Saudi Arabia‘s state-run Saudi Press Agency quoted coalition spokesman Colonel Turki al-Malki as saying on Monday that Houthis seized the ship while it was towing a South Korean oil drilling rig on Sunday.
“On Sunday, during the sailing of the tugboat Rabigh-3 in the southern Red Sea, it was hijacked and subjected to armed robbery by terrorist elements affiliated to the Houthi militia,” said al-Maliki said.
He did not say which country the tugboat belonged to or how many crew members were on board the seized ship.
According the tracking website Marine Traffic, Rabigh-3’s home port is in the western Saudi city of Jeddah and it sails under the kingdom’s flag.
Mohammed Ali al-Houthi, a senior rebel official, said: “Yemeni coast guards … are checking to see whether [the vessel] belongs to the countries of aggression or to South Korea, in which case it will be released after completing legal procedures. The crews are being well treated. We assure everyone not to worry about the crew.”
Al Jazeera’s Mohammed al-Attab, reporting from the capital Sanaa, quoted a Houthi source as saying South Korea has demanded the release of its rig and crew.
“Houthis said they would release it after carrying out paperwork to confirm that this oil rig belongs to South Korea. The source told me the seizure is a usual measure that they are carrying out when they find any foreign vessel in the Yemeni regional waters,” he said.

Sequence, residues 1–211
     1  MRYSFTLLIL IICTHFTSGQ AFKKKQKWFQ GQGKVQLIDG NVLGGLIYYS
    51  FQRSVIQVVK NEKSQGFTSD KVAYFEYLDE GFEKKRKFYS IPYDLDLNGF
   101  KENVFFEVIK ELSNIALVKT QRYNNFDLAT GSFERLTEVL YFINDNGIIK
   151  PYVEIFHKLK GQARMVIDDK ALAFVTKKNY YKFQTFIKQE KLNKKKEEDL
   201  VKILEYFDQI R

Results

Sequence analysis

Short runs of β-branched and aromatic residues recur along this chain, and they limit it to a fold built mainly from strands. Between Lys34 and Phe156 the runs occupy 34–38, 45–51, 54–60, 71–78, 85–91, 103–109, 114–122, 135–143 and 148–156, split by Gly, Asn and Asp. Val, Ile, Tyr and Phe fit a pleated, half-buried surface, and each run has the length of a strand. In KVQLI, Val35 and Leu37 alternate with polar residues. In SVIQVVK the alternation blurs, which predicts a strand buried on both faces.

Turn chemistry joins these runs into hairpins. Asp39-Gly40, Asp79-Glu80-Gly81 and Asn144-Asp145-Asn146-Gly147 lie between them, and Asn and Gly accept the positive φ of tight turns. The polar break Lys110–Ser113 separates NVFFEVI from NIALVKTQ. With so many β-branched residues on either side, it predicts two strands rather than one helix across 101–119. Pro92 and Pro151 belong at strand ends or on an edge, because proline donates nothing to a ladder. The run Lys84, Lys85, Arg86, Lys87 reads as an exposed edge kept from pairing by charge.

The Houthis have in the past targeted oil tankers and military ships belonging to Saudi Arabia and its partners in the military coalition fighting in Yemen’s war since 2015.
In a meeting with the South Korean ambassador to Yemen, Yemeni Foreign Minister Mohammad Al-Hadhrami sharply condemned the ship’s seizure and called for its immediate release, according to a government statement.
“These provocative and illegal actions will negatively affect the freedom of international navigation,” he said.
Gerry Northwood – from the international maritime security company MAST – said the rebels’ ship seizure shows their strength at “insurgency-type warfare”, particularly their ability to operate in the maritime domain.
“The Houthis have demonstrated over the last few years during the war that they do have the capabilities to do things and to disrupt, whether that be missile attacks, laying mines, or in this case taking a vessel.
“The fact that the Saudis can’t necessarily protect vessels all the time in that area is quite a serious issue for them,” Northwood told Al Jazeera.
The Saudi-led alliance intervened in Yemen in March 2015 against the Houthis after the group overthrew the internationally recognised government from power in Sanaa.
Houthi forces have been driven away from most of Yemen’s coast over the course of the conflict but still hold Hodeidah, the country’s biggest Red Sea port and base of the group’s navy.
The rebels have in the past targeted vessels off Yemen, which lies on one side of the Bab al-Mandeb Strait at the southern mouth of the Red Sea, one of the world’s most heavily travelled oil tanker routes.